Above: Optical layout of a typical refractor
When most people think "telescope" they think of a refractor. The very
first telescopes, including Galileo's, were refractors. In fact, all
telescopes were refractors until Isaac Newton invented the first
reflecting telescope in 1669, six decades after
Galileo first pointed his telescope to the heavens.
How Refractors Work
The main purpose of all telescopes is to gather light. This is contrary
to the common belief among first-time stargazers that the most important
function of a telescope is to magnify objects. While telescopes do magnify
objects, the most important thing they do for astronomical observing is to
gather much more light than the observer's eye alone could. Refractors
gather light by using an objective lens
located at the front (skyward) end of the telescope. The objective lens
consists of two or more pieces of glass which focus the light to a point at the
back of the telescope where an eyepiece is placed for viewing (or a camera for
photographing). The larger the objective lens, the more light the
telescope can gather and thus the more detail can be seen by the observer.
Refractors provide a correct image, meaning everything appears right-side-up.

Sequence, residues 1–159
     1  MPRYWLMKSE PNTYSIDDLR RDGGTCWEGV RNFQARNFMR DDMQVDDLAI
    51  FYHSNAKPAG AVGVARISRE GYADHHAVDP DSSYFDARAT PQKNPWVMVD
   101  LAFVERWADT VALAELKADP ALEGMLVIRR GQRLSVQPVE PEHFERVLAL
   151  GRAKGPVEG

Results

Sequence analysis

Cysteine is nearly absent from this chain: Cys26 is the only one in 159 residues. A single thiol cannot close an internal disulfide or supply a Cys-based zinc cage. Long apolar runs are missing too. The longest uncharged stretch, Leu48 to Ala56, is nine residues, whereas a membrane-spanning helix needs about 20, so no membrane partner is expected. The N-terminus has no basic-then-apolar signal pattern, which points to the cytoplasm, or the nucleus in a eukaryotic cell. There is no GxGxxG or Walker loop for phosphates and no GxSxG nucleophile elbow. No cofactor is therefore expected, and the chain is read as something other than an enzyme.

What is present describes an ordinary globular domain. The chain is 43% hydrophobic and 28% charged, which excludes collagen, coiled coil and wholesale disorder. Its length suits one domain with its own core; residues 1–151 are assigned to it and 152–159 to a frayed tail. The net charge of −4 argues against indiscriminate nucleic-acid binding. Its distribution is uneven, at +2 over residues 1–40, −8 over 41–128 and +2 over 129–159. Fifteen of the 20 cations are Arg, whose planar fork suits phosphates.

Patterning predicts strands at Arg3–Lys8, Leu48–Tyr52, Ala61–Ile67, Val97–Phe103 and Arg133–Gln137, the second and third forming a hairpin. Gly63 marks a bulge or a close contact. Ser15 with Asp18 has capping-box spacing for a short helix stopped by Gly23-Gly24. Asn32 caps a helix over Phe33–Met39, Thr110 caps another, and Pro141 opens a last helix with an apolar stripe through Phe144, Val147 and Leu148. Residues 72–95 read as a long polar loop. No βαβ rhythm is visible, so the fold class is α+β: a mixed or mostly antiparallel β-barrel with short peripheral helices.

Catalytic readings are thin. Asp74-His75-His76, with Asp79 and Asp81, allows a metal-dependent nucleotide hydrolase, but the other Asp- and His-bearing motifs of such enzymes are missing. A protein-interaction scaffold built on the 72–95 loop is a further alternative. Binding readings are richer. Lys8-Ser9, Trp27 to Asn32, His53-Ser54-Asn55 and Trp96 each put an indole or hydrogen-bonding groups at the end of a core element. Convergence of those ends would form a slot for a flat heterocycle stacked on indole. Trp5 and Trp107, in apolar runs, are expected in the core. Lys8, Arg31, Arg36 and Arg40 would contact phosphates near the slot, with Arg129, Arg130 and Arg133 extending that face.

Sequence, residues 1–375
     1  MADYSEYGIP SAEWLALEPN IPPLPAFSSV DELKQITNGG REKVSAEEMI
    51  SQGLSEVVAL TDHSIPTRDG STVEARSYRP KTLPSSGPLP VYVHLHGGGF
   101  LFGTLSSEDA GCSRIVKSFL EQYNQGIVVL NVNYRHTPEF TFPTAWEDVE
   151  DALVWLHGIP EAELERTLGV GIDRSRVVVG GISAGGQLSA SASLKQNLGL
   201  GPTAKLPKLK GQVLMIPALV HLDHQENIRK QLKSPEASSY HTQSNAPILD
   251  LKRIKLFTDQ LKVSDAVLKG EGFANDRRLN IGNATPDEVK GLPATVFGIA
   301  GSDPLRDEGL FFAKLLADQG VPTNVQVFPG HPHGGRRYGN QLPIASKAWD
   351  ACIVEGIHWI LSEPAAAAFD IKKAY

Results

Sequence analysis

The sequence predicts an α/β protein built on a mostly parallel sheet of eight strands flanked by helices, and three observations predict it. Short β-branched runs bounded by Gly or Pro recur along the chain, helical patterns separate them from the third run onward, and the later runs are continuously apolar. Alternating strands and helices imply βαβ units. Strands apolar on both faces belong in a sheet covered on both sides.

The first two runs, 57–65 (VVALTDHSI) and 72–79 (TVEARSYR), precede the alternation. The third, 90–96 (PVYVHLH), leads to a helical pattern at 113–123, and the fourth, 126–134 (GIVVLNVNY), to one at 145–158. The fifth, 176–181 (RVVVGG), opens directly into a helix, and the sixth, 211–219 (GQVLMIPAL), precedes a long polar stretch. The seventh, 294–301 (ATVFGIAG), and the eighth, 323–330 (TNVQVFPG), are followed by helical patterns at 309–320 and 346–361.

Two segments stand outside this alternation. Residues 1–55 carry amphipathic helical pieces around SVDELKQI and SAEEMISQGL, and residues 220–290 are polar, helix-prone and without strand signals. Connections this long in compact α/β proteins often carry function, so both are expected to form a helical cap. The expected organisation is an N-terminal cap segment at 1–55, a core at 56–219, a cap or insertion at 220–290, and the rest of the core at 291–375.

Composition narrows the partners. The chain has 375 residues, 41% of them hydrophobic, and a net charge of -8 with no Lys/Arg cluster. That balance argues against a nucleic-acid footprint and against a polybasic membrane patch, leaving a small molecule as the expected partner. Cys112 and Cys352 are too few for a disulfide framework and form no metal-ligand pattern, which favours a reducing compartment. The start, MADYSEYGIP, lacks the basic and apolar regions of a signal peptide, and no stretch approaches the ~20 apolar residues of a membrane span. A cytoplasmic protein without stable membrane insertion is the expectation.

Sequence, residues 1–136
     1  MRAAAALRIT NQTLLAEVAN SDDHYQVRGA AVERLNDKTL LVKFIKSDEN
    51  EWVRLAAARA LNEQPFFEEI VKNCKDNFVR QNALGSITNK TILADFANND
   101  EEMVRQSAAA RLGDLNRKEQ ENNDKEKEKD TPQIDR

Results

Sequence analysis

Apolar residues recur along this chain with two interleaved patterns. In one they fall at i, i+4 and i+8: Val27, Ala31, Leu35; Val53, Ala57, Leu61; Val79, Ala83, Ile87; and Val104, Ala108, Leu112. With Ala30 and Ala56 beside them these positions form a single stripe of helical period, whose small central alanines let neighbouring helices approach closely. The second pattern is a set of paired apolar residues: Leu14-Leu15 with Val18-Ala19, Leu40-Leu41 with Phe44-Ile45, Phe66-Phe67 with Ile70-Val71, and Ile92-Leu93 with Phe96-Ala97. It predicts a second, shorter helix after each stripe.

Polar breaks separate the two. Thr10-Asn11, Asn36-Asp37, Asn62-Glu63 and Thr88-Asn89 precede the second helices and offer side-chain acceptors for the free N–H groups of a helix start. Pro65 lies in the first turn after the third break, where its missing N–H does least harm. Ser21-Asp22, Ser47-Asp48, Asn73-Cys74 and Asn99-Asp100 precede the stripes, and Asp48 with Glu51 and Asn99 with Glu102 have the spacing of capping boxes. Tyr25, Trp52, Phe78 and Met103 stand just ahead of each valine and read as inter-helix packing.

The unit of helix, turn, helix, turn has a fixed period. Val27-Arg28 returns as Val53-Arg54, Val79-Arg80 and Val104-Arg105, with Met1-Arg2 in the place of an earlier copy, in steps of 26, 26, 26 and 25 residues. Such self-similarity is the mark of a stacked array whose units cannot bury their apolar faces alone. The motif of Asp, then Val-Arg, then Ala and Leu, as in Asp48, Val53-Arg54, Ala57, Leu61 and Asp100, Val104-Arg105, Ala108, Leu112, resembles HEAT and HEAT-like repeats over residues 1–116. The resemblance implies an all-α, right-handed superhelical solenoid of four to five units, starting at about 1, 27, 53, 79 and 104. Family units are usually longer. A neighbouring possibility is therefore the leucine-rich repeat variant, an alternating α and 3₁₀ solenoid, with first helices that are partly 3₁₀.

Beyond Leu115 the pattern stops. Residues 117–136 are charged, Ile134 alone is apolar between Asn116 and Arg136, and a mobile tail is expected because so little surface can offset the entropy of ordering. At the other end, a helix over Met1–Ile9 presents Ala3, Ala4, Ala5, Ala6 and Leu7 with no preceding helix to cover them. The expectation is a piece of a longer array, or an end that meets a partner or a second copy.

This makes refractors well-suited as multi-purpose telescopes for both
terrestrial observing and stargazing, unlike
Newtonian reflectors which produce
inverted images and are only suited for astronomical observing.
Types of Refractors
Refractors come in two basic types, achromatic
and apochromatic. The difference lies in the
quality of the objective lens in terms of correcting an effect called
chromatic aberration. Chromatic aberration
occurs because of the familiar prism effect of glass. When light passes
through the objective glass to be focused, each wavelength (or color) of light
is bent by a different amount. In a simple lens consisting of a single
lens, this results in red light focusing farther from the objective than blue
light. In other words, the focal length of the objective is longer in red
than in blue.
Above: A simple lens focuses red light farther from the lens
than blue light, yielding chromatic aberration
To correct for chromatic aberration, two lenses can be used in the objective.
A two-lens objective is called a doublet.
Each piece of glass has different optical properties, allowing chromatic
aberration to be minimized (but not eliminated). This type of objective is
termed achromatic. In an achromatic objective, the design of the optic is
chosen so that red light and blue light focus to the same point. This
leaves green light focused to a slightly different point. When dark
adapted, the human eye is most sensitive to green light and much less sensitive
to red and blue. The green light is considered the primary wavelength in a
refractor as this is what the observer's eye will focus on when observing.
This means the red and blue light will end up slightly out of focus because
these colors are focusing slightly farther from the objective than the green
Above: An achromatic objective focuses different wavelengths of light